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Morning Reads: Living Wage Movement Spreading Like Wildfire

This in from Bill Moyers & Company's Morning Reads for 2 December, 2013:

Growing movement –> Following Black Friday protests last week, fast food workers seeking $15 per hour will stage one-day strikes in 100 cities this Thursday. Stephen Greenhouse reports for the NYT. ALSO: RJ Eskow writes at Campaign for America’s Future that the fight for a living wage may be creating a broader social movement. AND: Goldy reports for The Stranger that Seattle will be ground zero in the fight for $15 per hour this year, either through the legislature or at the ballot box. AND: U of M economist Arindrajit Dube on why it makes good economic sense to raise the wage floor.

That's all ~ nothing below the fold but room to comment

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Sunday Train: 'the successful communities are going to be the ones who get rail.'

In covering the upcoming vote on the planned North Metro Rail line in Denver, the Denver Post writes:

People and circumstances over the years have tried to change the gritty image of Commerce City. There have been high-end homes on its eastern border and a world-class soccer and concert stadium not far from the city's oil refineries, and even an attempt to wipe the city's industrial name off of the map and replace it with the more low-key moniker of Derby. But it may be a stop on the Regional Transportation District's North Metro Rail Line that brings some shine to the center of the city.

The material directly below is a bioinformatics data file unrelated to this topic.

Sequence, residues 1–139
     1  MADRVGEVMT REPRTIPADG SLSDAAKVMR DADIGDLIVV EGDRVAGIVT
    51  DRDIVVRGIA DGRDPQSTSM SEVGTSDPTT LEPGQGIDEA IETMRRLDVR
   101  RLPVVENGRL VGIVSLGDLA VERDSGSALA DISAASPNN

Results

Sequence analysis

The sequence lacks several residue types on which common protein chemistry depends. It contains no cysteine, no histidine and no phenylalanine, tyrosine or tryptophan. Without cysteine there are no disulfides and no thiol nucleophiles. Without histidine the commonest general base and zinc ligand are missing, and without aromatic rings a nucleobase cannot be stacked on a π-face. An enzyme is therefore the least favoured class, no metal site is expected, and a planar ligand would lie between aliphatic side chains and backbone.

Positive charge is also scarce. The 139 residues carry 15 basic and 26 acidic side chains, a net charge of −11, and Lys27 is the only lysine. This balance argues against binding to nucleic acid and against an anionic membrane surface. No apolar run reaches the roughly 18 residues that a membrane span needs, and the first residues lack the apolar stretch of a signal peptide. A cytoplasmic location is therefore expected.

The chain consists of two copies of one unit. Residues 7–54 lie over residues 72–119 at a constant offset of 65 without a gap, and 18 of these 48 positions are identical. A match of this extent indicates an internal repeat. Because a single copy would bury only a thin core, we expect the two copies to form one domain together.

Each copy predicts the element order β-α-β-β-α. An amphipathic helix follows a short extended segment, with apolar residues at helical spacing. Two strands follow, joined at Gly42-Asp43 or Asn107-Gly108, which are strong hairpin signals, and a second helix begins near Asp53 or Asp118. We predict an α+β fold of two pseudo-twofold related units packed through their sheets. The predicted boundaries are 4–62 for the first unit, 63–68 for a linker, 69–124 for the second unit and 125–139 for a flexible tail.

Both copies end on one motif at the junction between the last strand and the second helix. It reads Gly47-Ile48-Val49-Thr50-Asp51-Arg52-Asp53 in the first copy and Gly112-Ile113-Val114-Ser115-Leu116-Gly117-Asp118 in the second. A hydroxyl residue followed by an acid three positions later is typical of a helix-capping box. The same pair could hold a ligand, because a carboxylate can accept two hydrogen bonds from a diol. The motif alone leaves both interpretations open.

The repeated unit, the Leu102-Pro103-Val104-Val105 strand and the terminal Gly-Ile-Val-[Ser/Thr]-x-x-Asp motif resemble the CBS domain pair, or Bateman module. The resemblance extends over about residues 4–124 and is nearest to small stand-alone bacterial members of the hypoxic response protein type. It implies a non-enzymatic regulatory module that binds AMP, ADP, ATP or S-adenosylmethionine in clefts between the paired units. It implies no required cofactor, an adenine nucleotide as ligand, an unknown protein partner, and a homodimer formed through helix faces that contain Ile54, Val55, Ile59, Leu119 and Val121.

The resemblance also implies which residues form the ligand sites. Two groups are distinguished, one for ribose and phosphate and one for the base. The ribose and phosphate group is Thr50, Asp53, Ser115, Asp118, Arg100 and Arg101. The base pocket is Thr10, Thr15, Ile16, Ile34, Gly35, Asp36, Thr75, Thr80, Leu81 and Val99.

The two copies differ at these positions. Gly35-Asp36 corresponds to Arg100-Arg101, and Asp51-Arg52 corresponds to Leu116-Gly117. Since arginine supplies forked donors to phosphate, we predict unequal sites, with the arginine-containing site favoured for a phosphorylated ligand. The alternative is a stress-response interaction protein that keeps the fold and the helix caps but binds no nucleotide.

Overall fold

They quote the Commerce City Mayor:

"I'm very optimistic about the commercial opportunities that come with transit-oriented development," said Commerce City Mayor Sean Ford. "Once rail comes, we can develop around it, and I think it will be highly beneficial."

... as well as the Adams County Commissioner and Chairman of the North Area Transportation Alliance:

"In our world, the successful communities are going to be the ones who get rail," said Adams County Commissioner Erik Hansen

And on Tuesday night, the Metro North line was approved, for a 2014 start and 2018 completion, when it had been previously set back to 2044 (an oddly exact date that clearly meant, "not now, but maybe later"):

A spontaneous offer from Graham Contracting in February stepped up the plans for the North Metro line after the company teamed with three other private developers and gave the Regional Transportation District's board of directors a viable, ambitious construction plan, said RTD spokeswoman Pauletta Tonilas.